It’s Monday! What are you Reading? is a meme started by Book Journeys. The folks over at Teach Mentor Texts and Unleashing Readers have given it a children’s/YA spin. I thought it would be a fun way to recap last week’s reading and give a sneak peek of my TBR pile.
If you click the image above, then you can connect to other participating blogs and discover even more new books.
Last Week’s Books:
I finished all my planned books this week and even started another one!
Chuck Close: Face Book is a fabulous informational text that I wrote about in Saturday’s Book Share.
Never Say Die by Will Hobbs is just what I expected it would be: an engaging (and sometimes nail-biting) adventure with a healthy dose of environmental information/advocacy woven into it. This time the story features Nick Thrasher, an Inuit teen whose older half-brother, Ryan, convinces him to go on a wildlife photography trip down the Firth River in Arctic Canada. Their journey is fraught with peril, especially when a grolar bear (polar-grizzly hybrid) appears on the scene. As always, Hobbs has created an exciting middle school title.
Wild Animal Neighbors: Sharing our Urban World by Ann Downer gives young people a look at a variety of animals that have started living in cities and suburban areas. Downer explores what has caused animals to move into these areas and what people are doing to make room for and live with these animals or what people are doing to prevent them from staying. This book packs a lot of information, photographs, maps, and charts into its 64 pages, and does so in a way that will keep students’ attention. It also provides all the supporting features librarians and teachers look for in informational texts: a healthy index, detailed source notes, a selected bibliography and suggestions for further reading that promote online as well as print resources. And it pairs great with Never Say Die.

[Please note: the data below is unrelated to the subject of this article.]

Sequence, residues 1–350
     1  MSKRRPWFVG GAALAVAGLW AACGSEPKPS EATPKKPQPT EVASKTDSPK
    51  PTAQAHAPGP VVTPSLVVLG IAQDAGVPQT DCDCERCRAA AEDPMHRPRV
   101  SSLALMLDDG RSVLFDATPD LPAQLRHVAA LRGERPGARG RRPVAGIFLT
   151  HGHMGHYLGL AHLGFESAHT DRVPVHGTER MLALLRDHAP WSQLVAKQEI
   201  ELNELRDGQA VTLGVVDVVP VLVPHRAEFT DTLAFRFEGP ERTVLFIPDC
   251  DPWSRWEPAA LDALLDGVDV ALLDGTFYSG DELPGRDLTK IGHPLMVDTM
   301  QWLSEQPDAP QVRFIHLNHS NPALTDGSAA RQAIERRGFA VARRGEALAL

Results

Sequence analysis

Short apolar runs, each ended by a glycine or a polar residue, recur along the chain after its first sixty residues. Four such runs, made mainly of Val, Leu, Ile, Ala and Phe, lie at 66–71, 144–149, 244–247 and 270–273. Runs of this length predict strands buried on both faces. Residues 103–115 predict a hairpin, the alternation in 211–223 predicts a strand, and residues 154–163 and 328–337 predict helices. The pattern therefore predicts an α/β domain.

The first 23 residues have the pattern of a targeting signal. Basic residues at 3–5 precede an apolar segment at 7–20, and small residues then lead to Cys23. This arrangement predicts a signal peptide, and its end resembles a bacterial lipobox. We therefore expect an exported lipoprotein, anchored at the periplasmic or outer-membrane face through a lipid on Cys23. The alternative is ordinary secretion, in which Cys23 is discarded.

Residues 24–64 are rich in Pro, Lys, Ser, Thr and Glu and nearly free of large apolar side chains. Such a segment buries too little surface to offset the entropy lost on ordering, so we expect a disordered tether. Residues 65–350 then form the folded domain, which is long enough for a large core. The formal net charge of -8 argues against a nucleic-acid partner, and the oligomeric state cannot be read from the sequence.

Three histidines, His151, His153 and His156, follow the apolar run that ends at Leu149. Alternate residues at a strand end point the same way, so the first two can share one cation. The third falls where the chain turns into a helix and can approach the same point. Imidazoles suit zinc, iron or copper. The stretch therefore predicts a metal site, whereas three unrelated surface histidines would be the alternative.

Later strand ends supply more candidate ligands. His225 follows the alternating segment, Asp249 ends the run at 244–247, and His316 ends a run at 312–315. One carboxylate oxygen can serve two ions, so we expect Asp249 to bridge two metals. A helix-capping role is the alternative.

Next Week’s Planned Reading:
I preordered Reading in the Wild by Donalyn Miller (the Book Whisperer) some time ago. A couple of days before publication, Mr. Schu of Watch. Connect. Read. fame started tweeting quotes from it, and I grew impatient for it to arrive. FINALLY, I started devouring the book on Tuesday, and I had to stop myself from speed reading it–forcing myself to savor it over time. I am glad I did as I get to enjoy new parts of it this week, too. While reading, I find myself nodding my head so much I wonder if I’m going to hurt my neck like back in my head-banging concert-going days. Yes, it is THAT good. Yes, it puts into words what we wild readers know to be true about ourselves. Yes, all people who care about connecting kids and books should read it. Yes, yes, yes!
Oh, and there has been a blog tour for Reading in the Wild, so you can see what wonderful things others (who finished it already) have said about it and what they have found most important to share. Mr Schu hosted the 11/10 stop and provides links to previous stops at the bottom of his post 5,4,3,2,1 Interview – Donalyn Miller.
The Unforgotten Coat by Frank Cottrell Boyce, One for the Murphys by Lynda Mullaly Hunt, and Swagger by Carl Deuker
Finally, I thought I would share my Facebook status for the day, as it is wholly appropriate here: